House Majority Leader Steny Hoyer (D-MD) indicated Tuesday that Arizona imposed the nation’s toughest immigration law due to the deficiencies of the federal government at the border.

“I think they’re right,” said Hoyer when addressing questions about failures to protect the border with Mexico. “The Feds haven’t done their job.”

Arizona Gov. Jan Brewer (R) signed into law a measure that permits police to stop and detain anyone “on reasonable suspicion” that they may be in the U.S. illegally. Persons can be arrested if they can’t produce proper documentation. Police are not permitted to have a search warrant and there are constitutional questions about what “probable cause” authorities may use to investigate someone.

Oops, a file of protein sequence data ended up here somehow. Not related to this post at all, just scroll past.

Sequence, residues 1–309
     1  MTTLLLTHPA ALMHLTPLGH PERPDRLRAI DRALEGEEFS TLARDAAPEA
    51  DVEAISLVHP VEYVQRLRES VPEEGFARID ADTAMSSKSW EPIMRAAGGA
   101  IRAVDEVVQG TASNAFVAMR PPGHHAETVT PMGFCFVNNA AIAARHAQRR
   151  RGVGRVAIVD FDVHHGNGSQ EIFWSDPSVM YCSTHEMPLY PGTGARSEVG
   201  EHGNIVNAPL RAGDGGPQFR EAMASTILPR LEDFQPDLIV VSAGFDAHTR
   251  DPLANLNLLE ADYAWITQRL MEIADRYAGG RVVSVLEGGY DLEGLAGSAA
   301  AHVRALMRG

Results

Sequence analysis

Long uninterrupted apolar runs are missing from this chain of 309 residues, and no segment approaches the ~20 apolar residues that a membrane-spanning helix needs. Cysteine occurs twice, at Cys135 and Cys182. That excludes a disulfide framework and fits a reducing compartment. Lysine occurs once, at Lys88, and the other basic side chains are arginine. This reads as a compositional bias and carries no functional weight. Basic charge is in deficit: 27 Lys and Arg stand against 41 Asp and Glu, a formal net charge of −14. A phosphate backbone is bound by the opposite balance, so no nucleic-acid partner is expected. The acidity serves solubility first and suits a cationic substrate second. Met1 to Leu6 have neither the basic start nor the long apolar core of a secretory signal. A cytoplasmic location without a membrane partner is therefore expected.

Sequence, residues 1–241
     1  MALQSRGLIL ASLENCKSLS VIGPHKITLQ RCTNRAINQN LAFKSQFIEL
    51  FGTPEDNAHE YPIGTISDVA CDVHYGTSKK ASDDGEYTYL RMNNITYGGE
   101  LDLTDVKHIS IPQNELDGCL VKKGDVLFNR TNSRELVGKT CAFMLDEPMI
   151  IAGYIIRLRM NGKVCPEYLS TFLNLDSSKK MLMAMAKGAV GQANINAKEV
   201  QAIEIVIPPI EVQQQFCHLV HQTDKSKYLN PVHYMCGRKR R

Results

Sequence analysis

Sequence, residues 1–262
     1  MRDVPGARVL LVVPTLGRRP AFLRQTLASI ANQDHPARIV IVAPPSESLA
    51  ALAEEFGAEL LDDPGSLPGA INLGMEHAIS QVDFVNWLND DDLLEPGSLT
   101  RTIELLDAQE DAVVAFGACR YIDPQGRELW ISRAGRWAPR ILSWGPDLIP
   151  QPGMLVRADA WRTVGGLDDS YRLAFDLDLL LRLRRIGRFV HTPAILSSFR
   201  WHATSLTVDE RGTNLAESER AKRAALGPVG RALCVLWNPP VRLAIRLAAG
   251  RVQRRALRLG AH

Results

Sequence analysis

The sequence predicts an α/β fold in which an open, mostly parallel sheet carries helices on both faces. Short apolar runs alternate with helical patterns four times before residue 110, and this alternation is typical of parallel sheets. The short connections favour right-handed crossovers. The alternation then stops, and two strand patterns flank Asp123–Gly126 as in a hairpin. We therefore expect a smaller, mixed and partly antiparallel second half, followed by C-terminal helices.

“It’s difficult to see how that’s going to be carried out in a way that’s consistent with civil liberties,” Hoyer said.

Reporters asked House Minority Whip Eric Cantor (R-VA) Tuesday if the law was reminiscent of Nazi Germany.

“I think that kind of analogy is inappropriate,” responded Cantor, who is the only Jewish Republican in the House. “The injection of the kind of comments that were suggested just now have no place in this debate.”

House Minority Leader John Boehner (R-OH) said he supported what Arizona’s action.

“The people of Arizona have that the right under the Tenth Amendment to write their laws and they have,” Boehner said. “I think we should respect people and their right.”

House Speaker Nancy Pelosi (D-CA) signaled last week that she was willing to defer on climate change legislation in lieu of the Senate moving first on reforming the country’s immigration laws. But Hoyer indicated that the Senate has to move first on immigration reform. Not the House.

“There’s an understanding between the House and Senate,” Hoyer said of the Senate going first. “I think there’s a general agreement that the Senate has been the body that’s had the most trouble (on immigration).”

- FOX’s Sarah Courtney contributed to this report.